Much has happened since that time. At first there were problems with my family, arguments, misunderstandings, pressure, threats. My parents were afraid that after coming to the capital their son had fallen under someone’s influence or into the hands of a sect. But after a while they understood that everything was all right, that there were no negative effects from church life, and they calmed down. Now everyone is used to my choice.
Thus did my peaceful church life go on—until I met Fr. Daniel Sisoyev. No, I did not know him personally. I heard about him first from his debates with Muslims. He impressed me, and I began to study his works. Before my acquaintance with batiushka I had never thought about missionary work. I had intended to peacefully and quietly live out my life, accommodating within it both worldly and church life. But Fr. Daniel revealed to me what it means to be a real Christian. He revealed to me the full meaning of the Gospel words about how we cannot serve both God and mammon (Mt. 6:24).
Through his works I began to know in full measure the depths of Orthodoxy, and dogmatics. An amazing, great love arose in me for him and, and for what he dedicated his whole life. By Fr. Daniel’s prayers I received no small consolation and help, and I still receive it. Although we never knew each other while he was here, I have a complete feeling that he is my friend, my helper. The life and works of Fr. Daniel have had a great influence on me, and became a determining factor in my spiritual life. I always feel his help and presence, and I listen to his lectures nearly every day.
As for my own people, I will be very glad for the rebirth of Orthodoxy—after all, Kabardinians, and in fact the entire north Caucasus, was once Christian. Our goal is to return to our roots.
A conversation started in which she asked me whether or not I believe in God. Although I never thought about this earlier, the question gladdened me. My soul shone with a bright feeling. I said that I believe, but have to admit that I do not know Who He is or how to turn to Him. Elena said that she also believes and goes to Church, where one kind father serves. This interested me, and I promised to go to church without fail, and to begin studying the Christian faith, because I want to be enlightened by Divine truth.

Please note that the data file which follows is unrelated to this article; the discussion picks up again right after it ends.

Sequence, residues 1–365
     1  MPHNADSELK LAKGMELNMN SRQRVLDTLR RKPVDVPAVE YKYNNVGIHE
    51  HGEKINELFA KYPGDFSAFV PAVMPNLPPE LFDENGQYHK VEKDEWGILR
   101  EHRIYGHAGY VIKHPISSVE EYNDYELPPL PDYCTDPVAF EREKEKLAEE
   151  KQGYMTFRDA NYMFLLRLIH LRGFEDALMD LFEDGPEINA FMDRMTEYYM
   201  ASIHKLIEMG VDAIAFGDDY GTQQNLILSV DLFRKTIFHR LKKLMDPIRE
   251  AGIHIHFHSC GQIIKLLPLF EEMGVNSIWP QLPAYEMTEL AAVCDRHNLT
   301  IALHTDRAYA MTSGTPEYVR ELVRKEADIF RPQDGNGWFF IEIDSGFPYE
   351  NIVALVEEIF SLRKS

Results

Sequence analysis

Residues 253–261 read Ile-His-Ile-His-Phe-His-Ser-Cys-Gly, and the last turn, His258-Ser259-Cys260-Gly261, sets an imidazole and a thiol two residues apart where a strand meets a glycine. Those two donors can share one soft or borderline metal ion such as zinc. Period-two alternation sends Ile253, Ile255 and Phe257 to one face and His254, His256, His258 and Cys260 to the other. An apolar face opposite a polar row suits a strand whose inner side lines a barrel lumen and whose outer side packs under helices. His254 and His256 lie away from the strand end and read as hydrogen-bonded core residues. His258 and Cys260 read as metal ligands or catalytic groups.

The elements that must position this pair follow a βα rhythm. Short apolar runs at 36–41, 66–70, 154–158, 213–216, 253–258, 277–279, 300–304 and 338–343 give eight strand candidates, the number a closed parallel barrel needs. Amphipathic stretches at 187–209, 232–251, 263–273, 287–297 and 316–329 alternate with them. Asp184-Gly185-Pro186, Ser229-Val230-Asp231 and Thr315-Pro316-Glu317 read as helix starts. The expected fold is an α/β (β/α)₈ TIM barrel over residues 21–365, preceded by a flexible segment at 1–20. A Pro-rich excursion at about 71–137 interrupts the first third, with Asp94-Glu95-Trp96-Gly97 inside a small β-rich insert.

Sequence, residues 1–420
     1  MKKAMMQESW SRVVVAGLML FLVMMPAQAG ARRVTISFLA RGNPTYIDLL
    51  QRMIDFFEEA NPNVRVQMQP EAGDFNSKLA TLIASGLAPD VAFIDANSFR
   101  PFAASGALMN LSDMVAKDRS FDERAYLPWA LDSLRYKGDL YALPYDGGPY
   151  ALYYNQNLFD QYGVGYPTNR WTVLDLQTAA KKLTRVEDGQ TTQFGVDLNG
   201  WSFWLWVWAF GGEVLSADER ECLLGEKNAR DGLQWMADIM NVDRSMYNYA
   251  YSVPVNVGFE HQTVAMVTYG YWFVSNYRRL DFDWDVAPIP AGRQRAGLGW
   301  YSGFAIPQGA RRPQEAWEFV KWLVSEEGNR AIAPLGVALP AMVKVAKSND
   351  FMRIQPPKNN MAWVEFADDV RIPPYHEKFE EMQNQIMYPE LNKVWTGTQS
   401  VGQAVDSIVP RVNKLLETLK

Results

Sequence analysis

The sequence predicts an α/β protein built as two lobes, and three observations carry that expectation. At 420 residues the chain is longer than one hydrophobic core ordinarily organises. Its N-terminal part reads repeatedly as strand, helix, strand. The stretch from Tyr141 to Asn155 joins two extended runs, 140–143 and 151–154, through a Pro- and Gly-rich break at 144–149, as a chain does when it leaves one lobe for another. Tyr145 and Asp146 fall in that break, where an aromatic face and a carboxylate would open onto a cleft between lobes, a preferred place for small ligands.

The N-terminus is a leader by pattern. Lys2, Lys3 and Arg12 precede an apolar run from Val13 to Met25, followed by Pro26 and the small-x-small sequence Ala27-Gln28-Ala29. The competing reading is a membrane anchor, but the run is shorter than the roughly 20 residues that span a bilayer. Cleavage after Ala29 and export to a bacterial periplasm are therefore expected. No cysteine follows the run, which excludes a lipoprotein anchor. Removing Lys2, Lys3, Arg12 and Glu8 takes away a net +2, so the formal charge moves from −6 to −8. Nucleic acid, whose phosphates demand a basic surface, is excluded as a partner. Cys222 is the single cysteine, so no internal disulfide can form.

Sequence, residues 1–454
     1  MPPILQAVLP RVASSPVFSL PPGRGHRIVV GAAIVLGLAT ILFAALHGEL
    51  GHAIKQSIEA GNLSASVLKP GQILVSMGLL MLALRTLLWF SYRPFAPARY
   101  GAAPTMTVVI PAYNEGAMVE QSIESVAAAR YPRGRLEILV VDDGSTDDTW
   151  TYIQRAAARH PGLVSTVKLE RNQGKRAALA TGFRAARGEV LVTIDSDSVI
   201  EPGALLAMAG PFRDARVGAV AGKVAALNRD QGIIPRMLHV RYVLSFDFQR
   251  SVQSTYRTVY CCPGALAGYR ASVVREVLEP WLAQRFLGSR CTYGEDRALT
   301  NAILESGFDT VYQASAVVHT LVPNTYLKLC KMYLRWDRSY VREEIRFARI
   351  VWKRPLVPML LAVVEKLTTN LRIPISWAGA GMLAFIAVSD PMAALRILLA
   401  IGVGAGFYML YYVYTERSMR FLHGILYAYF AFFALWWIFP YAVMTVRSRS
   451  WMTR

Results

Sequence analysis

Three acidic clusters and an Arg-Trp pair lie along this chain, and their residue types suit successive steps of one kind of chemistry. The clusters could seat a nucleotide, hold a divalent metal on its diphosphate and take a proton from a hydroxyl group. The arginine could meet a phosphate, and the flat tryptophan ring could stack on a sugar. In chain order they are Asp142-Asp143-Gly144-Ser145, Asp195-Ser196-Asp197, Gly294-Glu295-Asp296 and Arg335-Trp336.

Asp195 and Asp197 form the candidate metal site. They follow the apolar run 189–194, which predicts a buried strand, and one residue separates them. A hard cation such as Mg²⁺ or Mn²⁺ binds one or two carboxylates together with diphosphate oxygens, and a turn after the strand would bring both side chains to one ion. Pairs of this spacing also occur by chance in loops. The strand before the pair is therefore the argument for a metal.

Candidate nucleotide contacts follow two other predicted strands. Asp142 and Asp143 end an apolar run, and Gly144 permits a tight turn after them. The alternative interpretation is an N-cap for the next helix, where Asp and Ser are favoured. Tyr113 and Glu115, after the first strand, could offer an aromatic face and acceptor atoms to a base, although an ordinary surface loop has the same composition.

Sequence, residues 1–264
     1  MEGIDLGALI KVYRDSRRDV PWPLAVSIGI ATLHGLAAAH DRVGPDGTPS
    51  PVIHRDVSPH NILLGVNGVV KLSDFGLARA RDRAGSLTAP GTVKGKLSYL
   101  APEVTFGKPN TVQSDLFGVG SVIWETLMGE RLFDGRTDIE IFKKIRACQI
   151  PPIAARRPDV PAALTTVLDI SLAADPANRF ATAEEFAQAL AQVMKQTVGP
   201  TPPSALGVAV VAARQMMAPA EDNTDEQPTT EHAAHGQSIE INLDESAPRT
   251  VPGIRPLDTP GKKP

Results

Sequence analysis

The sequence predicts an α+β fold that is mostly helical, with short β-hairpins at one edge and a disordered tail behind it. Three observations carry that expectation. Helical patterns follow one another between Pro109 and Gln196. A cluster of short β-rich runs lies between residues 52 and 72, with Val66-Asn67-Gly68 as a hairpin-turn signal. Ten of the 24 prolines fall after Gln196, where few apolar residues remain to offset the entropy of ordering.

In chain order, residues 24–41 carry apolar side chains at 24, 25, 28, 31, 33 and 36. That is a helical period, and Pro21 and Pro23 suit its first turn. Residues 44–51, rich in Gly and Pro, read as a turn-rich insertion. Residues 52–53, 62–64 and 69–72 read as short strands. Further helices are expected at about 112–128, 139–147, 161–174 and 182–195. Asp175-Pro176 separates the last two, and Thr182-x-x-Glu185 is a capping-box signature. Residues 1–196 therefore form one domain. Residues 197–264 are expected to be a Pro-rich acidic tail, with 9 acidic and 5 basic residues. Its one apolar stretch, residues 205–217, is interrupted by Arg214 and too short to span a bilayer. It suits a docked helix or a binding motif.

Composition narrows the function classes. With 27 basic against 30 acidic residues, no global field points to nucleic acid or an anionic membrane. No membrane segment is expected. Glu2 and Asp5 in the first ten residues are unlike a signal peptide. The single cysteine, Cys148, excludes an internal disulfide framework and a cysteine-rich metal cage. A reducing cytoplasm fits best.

Elena became a sister in Christ to me. To this day I love and respect her as an example to emulate of hope in God’s will and mercy. I am thankful to the Lord that He granted me to have such an acquaintance. And I am very grateful also to Elena for leading me to Christ. After all, this is one of the greatest tasks in the modern world. The fruit of the righteous is a tree of life; and he that winneth souls is wise (Prov. 11:30).
Every time I remember these events my soul is filled with reverence and awe before the Creator of all the worlds for His great mercy in responding to my sorrow and languishing. He returned me to life in order to save me from sin, the curse and death. Inspired by Elena’s little stories about her faith, I began thirsting for God.
As soon as I returned home from the hospital I began to familiarize myself with the Holy Scriptures. On the internet I found the video, “The Gospel in the works of the great masters of iconography and painting.” Listening to the Gospel, read by a professional Armenian reader with soft, Orthodox spiritual music in the background, I delved into the text of the Holy Scriptures. At the end of the film my heart was filled with spiritual joy. Finally I knew Who that Infant depicted on the icons is! That is how Jesus Christ was unexpectedly revealed to me, how He came into my heart, my life. The presence of God was tangible to me.